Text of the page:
The object of the present invention, to be shown afterwards, is to determine quantitatively and qualitatively organic and inorganic compounds present in a gaseous mixture using the chemiluminescence produced in the reaction of such compounds with ozone.
Up to now only one kind of substance, for instance ethylene, has been used to detect a low quantity of ozone as atmospheric pollutant.
In the present invention, on the contrary, there is a mixture of substances from different classes which react with ozone and which can be detected.
None of the known devices making use of chemiluminescence are suitable or adaptable for use in analysing of effluents from chromatographic columns.
The present invention provides a detector permitting the determination of organic and inorganic substances which, when brought into contact with ozone under certain conditions, emit luminescence, called chemiluminescence. The direct or indirect measuring of the luminescence is the parameter which indicates the presence or the quantitative content of the substances.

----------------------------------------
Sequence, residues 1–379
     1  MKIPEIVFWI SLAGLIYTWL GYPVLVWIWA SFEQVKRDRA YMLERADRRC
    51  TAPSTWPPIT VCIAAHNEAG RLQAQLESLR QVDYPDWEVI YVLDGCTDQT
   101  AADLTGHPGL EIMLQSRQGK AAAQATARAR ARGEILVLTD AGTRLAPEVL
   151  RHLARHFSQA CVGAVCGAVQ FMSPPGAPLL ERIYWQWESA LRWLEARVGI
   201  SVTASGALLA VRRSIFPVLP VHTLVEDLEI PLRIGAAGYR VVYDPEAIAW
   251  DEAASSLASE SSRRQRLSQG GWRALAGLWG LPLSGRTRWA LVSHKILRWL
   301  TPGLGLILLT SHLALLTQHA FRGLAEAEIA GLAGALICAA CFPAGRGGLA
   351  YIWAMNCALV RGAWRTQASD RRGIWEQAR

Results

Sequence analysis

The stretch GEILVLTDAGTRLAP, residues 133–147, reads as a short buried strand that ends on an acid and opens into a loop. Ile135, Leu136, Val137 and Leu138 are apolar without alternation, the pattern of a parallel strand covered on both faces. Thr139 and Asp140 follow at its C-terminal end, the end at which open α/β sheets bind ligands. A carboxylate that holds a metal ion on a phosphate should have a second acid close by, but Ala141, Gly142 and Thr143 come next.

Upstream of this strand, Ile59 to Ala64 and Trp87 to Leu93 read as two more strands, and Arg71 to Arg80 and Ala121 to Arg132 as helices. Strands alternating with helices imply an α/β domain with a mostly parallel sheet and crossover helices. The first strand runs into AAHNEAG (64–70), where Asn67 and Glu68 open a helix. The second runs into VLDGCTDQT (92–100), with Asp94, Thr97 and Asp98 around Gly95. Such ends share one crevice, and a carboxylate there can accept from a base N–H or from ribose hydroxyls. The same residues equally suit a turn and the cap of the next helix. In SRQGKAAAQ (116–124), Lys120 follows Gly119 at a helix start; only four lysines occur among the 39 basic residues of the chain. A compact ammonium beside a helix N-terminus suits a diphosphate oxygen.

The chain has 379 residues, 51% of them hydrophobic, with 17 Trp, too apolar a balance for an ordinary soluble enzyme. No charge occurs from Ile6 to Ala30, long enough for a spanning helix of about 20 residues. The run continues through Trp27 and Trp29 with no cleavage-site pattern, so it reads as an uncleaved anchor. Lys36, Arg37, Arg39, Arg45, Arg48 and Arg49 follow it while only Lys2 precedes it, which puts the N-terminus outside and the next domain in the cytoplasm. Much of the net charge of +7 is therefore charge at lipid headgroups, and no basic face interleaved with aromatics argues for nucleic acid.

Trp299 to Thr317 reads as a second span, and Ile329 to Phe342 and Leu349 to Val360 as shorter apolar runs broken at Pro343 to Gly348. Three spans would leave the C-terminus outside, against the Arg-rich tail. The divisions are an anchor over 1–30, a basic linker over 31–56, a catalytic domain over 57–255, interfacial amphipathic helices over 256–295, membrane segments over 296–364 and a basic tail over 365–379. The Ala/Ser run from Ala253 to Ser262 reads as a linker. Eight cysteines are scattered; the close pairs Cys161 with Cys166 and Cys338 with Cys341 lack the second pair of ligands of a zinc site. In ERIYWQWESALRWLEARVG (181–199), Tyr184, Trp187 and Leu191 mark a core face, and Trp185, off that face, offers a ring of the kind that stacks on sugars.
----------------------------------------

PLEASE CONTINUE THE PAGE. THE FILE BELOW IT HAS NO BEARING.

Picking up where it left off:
This determination is of great advantage in that it can be systematic, precise and continuous.
It is the object of the present invention to provide an apparatus capable of detecting any organic or inorganic chemical substance provided it emits chemiluminescence when reacting with ozone.
Another object of the invention is to provide an apparatus with a reaction chamber equipped with means to permit alterations in the operating conditions of the reaction chamber so as to cause the ozone to react with the different types of organic and inorganic chemical substances.
It is also an object of the present invention to enable the determination of substances having different chemical structures and molecular weights by measuring the intensity of the luminescence emitted by successively selecting the wavelength ranges of the luminescent radiation. This selectivity is possible since the apparatus is provided with optical and electronic systems permitting not only radiation selection but also amplification and recording of the signals generated.